Asbestos Disease Epidemiology
The use of asbestos dates back thousands of years and thousands of uses. Often referred to as the "magic mineral," it is estimated that there have been more than 3,000 uses for asbestos. It was incorporated into pottery some 4,000 years ago; woven into cloth with vegetable fibers to quiet the sound of falling trees felled as part of construction projects during the Roman empire; wrapping corpses prior to cremation in order to help collect the ashes, referred to as the funeral dress of kings by Pliny; and even mentioned by Marco Polo during his travels to the Far East, where he found it mined from the mountains, extracted, and then crushed into a fibrous wool that was then spun and made into cloth.
The "modern" asbestos industry dates from the 1880s, when asbestos was first used to make heat-resistant fabrics. Although asbestos was first discovered in the United States around 1824 near Lowell, Vermont, not much interest was shown with regard to industrial use until about 1890. By 1906 the commercial importance of asbestos had been well-recognized by industry as illustrated by the full page advertisement run by Johns-Manville in the Saturday Evening Post which read that asbestos "serves more people in more ways than any institution of its kind in the World." The ad included products for the homebuilder, the industrial and commercial builder, and those in the automotive business. By this time asbestos was also being used by the steel industry for the insulation of large furnaces.
Asbestos disease also dates back thousands of years, with references by Pliny to the disease of slaves. In 1899 the British Lady Inspector of Factories wrote that the effects of asbestos dust were found to injurious, and three years later asbestos was included in a publication on dangerous industries in England that listed dusts known to cause injury to humans. The first recorded case of what is now known as asbestosis was reported in London in 1906, with the initial recorded case of asbestosis in the United States being reported in 1930. It was during this period of time that clinical descriptions of the disease asbestosis were becoming common in medical literature. The sentinel case, which resulted in the naming of the disease asbestosis, is that of Nellie Kershaw, a 33-year-old asbestos factory worker who had worked in textile factories since she was 13 years of age. Ms. Kershaw died on March 15, 1924.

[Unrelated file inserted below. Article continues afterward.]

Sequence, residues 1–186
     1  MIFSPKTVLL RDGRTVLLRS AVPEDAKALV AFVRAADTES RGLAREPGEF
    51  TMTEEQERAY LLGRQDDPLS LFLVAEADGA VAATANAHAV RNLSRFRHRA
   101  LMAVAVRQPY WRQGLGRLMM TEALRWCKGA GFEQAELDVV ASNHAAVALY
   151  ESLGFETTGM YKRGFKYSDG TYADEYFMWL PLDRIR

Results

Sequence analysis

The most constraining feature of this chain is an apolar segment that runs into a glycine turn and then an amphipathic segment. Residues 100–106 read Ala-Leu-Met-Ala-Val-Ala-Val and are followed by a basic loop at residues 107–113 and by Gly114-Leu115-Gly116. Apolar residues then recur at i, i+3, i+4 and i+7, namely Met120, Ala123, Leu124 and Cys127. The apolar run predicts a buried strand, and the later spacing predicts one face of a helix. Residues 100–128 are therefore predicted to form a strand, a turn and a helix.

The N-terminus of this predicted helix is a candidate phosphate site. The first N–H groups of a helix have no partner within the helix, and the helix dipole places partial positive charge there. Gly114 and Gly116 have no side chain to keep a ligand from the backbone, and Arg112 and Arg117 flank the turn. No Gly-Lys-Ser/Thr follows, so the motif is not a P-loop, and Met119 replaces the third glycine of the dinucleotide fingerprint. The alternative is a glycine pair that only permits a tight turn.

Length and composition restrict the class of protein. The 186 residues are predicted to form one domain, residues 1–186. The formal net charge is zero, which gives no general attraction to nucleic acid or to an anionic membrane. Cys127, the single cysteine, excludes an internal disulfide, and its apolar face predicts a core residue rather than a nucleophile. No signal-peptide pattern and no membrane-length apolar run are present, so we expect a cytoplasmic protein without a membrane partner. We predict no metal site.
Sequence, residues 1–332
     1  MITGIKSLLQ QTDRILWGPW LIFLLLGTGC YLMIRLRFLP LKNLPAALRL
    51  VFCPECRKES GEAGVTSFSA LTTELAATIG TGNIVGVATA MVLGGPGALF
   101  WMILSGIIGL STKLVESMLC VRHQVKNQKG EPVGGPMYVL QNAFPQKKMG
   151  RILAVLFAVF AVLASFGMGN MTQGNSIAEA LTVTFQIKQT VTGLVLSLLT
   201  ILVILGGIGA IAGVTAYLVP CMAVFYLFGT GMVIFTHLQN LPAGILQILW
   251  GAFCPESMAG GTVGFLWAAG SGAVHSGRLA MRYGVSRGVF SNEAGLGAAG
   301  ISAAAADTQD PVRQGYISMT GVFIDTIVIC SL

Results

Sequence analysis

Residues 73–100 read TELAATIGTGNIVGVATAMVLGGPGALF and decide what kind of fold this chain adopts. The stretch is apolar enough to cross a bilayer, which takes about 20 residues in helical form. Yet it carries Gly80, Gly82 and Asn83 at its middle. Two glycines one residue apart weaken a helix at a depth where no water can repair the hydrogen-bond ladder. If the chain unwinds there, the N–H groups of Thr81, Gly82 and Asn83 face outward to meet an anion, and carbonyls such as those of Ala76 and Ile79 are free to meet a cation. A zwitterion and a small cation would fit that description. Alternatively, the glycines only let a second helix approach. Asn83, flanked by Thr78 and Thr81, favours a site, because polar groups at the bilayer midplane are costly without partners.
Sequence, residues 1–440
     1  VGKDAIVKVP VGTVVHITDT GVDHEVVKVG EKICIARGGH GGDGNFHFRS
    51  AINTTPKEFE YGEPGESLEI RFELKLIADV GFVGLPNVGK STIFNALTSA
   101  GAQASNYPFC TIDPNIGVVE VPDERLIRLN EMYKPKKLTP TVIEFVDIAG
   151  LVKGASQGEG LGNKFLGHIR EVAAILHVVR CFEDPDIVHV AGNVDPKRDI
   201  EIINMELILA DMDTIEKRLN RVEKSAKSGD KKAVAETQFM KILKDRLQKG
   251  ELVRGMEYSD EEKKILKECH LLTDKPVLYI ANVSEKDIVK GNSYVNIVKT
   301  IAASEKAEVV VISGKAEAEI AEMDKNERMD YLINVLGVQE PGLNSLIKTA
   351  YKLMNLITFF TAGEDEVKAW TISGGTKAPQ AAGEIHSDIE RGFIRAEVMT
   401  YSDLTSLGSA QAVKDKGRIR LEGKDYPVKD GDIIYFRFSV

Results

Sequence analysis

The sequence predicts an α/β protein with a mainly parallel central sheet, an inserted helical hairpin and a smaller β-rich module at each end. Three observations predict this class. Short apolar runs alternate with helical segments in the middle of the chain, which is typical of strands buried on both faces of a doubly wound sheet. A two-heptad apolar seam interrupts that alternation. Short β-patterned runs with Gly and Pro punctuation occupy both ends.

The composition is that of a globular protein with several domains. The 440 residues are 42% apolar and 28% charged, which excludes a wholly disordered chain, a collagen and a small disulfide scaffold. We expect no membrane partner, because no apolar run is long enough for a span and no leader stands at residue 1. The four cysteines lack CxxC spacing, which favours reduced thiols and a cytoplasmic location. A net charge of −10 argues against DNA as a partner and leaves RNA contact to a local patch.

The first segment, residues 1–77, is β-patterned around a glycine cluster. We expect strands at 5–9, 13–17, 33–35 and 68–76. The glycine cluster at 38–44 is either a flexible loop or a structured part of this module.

In early studies of workers exposed to asbestos, asbestosis was also frequently found in conjunction with lung cancer. In 1955, Sir Richard Doll published the pivotal study for the causation of asbestos exposure and lung cancer, when he reported on a cohort of 113 men who had worked for more than 20 years in an asbestos textile factory in the United Kingdom. Asbestos exposure appears to increase the risk for all histological types of lung cancer, an exposed individuals with asbestosis and exposed persons without asbestosis have risks of lung cancer that is higher than the general population that has not been exposed. It is generally considered more likely that asbestosis is not a precursor to lung cancer, but that both are independent diseases related with a dose-response resulting from asbestos exposure.
The rarity of mesothelioma and the fact that it is so strongly associated with asbestos exposure make mesothelioma a "signal tumor." In other words, a diagnosis of mesothelioma is considered an epidemiological marker for exposure to asbestos. Primary pleural tumors were first reported in the medical literature as early as 1870, but the term mesothelioma was not coined until 1909,. The modern concepts for diagnosis of the disease followed in 1931. Mesothelioma is now reported in virtually every major study of persons exposed to asbestos. It has been estimated that there were over 18,000 malignant mesothelioma deaths among United States residents in the 1999 - 2005 time period, accounting for more than 200,000 years of potential life lost to life expectancy. It is estimated that in excess of 2,500 cases of mesothelioma are still diagnosed in the United States every year.